I don't know how to fix this. I know I am probably going to have to endure a lengthy conversation in which I have to try not to get upset because I'll look like the bad guy, and because my parents still treat me like I'm fifteen years old when we have arguments. I just don't get how they could be so obtuse, and how they're really so surprised why I decided not to open up every time I self-harm. I don't know. I don't know what to do. Any suggestions?


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Re: I'm not sure how to fix things with my parents - January 13th 2021, 07:37 PM

Hey,

This all sounds like a really difficult thing to go through, and I'm not 100% sure my advice will be anything you've not considered yourself or been told before but I thought I'd offer you at least some support, because I can't imagine having to go this alone.

Your parents reactions definitely seem tough. In a sense, I can see where they're coming from because in their minds, they probably think tougher is better as it's going to suddenly trigger a change in behaviour due to the threat of not being supported. In reality, this is likely going to add to the problems which are triggering you already, but sometimes I think lack of awareness or forethought stops this being realised. Obviously being unsupported emotionally and financially will add stress to what is already a very stressful time, and that won't be beneficial to your mental health. If you're going to have a conversation with your parents about this, this might be something to emphasise. It's not that you're not taking your mental health seriously, but their support is crucial to ensuring you're not a part of a revolving door, by offering you the means to recover well.

I'm figuring you probably are but, are you in any sort of therapy or support groups outside of the in/outpatient treatment that you have or will possibly receive? If so, maybe you can mention this to them as well and maybe give them examples of the help it's given you and the successes you've had. I know you've mentioned that you have a toolbox of options you can use before self harm becomes a mechanism for coping, but maybe giving them some examples will help them see what and how.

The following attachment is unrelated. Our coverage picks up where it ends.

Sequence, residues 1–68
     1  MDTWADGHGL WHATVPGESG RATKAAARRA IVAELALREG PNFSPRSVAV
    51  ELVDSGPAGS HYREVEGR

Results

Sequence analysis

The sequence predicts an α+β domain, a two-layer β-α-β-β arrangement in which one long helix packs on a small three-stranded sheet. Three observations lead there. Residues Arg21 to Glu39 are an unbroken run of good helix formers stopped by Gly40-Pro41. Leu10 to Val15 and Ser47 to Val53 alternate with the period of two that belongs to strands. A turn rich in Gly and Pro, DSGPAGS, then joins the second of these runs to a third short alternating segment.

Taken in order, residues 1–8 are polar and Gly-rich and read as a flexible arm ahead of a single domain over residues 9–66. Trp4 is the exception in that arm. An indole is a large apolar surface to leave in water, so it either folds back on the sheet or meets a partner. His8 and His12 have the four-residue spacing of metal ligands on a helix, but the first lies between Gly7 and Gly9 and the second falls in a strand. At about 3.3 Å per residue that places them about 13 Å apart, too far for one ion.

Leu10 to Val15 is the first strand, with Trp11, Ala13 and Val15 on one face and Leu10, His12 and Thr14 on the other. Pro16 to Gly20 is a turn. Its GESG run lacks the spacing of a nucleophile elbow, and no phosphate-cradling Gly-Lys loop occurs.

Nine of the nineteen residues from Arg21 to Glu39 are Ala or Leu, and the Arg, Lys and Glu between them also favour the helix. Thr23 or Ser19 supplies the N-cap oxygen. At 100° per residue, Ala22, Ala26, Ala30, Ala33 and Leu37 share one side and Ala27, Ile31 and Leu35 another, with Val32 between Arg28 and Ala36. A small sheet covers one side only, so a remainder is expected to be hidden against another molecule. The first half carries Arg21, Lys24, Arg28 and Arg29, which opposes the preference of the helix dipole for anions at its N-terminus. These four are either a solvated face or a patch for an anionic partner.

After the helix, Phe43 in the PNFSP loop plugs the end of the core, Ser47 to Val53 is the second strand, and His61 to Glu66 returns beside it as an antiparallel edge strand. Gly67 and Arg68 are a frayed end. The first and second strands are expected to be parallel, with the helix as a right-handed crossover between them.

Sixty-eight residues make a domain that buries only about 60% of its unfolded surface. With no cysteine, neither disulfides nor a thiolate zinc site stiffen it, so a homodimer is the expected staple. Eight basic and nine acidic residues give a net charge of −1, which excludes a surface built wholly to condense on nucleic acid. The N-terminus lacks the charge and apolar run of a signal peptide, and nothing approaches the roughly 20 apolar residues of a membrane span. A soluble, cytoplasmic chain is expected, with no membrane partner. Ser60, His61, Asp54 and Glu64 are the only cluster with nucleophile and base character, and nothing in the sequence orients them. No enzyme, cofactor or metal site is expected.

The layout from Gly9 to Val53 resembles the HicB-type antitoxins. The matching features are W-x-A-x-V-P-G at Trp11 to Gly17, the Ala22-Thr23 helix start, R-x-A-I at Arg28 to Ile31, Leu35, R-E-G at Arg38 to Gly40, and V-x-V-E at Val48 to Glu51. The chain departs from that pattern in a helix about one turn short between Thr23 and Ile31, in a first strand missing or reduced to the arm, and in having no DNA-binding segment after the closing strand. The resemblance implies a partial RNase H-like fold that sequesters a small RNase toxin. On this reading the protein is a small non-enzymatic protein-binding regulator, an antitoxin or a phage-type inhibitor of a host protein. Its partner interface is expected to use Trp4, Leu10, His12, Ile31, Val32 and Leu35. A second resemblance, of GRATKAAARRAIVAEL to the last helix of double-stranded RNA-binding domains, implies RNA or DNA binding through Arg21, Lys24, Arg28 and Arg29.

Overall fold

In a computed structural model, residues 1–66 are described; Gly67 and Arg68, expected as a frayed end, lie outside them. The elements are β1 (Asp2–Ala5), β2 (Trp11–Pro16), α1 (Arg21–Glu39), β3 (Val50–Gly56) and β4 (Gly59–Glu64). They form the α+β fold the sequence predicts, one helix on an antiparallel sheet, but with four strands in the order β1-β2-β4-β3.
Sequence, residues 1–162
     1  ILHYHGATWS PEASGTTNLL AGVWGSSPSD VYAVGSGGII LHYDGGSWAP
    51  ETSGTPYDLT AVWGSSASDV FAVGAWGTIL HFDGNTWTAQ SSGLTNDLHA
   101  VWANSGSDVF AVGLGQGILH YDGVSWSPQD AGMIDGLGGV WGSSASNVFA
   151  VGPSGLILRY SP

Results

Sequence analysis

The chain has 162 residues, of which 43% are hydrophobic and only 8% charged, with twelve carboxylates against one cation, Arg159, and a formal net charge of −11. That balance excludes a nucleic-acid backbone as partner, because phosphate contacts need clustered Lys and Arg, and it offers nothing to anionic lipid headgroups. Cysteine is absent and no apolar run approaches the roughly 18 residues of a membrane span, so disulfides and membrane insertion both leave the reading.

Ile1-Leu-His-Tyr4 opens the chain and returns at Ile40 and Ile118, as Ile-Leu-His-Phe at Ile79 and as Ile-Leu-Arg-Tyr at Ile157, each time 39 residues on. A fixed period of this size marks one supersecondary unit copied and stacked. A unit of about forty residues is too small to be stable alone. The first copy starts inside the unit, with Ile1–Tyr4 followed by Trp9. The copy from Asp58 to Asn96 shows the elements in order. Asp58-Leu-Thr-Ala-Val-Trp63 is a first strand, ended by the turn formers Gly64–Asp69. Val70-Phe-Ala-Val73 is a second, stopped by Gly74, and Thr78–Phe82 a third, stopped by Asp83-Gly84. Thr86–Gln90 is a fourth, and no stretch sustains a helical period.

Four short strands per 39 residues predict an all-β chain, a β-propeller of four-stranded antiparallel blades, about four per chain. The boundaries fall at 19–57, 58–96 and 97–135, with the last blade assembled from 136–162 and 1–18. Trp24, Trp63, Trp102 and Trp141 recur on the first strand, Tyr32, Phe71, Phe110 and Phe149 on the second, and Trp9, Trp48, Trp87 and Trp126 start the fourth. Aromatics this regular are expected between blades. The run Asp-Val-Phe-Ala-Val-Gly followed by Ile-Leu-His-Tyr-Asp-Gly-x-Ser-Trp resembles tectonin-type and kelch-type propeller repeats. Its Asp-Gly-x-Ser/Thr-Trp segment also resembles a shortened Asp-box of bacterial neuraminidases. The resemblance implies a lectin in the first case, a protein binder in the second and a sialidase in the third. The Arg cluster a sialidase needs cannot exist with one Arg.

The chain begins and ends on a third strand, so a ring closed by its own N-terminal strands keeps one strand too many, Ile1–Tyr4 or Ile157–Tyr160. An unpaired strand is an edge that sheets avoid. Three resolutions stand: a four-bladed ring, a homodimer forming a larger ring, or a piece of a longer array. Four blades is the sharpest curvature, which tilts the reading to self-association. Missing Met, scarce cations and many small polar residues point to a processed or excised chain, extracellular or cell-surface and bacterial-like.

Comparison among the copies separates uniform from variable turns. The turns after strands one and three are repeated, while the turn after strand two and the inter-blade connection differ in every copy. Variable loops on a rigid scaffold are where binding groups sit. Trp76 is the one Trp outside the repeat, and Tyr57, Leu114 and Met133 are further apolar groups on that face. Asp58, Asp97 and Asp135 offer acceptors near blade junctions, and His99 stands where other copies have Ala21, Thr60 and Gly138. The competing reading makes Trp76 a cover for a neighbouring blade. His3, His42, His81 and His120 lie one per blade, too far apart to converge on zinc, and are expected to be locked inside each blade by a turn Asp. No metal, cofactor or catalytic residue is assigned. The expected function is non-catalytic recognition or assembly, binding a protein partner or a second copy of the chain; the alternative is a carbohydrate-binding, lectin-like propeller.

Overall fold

That being said, you shouldn't have to talk about things that are going to negatively impact you, and if you decide you'd rather not have this talk now (or ever), that should be fine too. There are ways you can talk without being face to face too which might help. Maybe a letter, or a text conversation. You could possibly open the conversation up and let them know you want to be as transparent as possible, but that it's much easier to do when you're not on the spot. Over text you have the benefit of being able to delete, retype, edit and proofread, and also, if it gets too much you can practice breathing exercises or coping tools without the pressure of being watched by people who might make it harder.

I'm really sorry you're having to go through this, and I'm sorry if I've not been much help. You're not in this alone, and the progress you've made with your own mental health is valid and worth being proud of, even if it's something they scrutinise. You're getting through things day by day, and a relapse or slip up doesn't take away from the work you're putting into yourself. Keep going and keep using the tools you've established to cope - you're doing this the right way, and you deserve proper support from the people you care about.

If you ever want to talk feel free to drop me a message. Stay strong.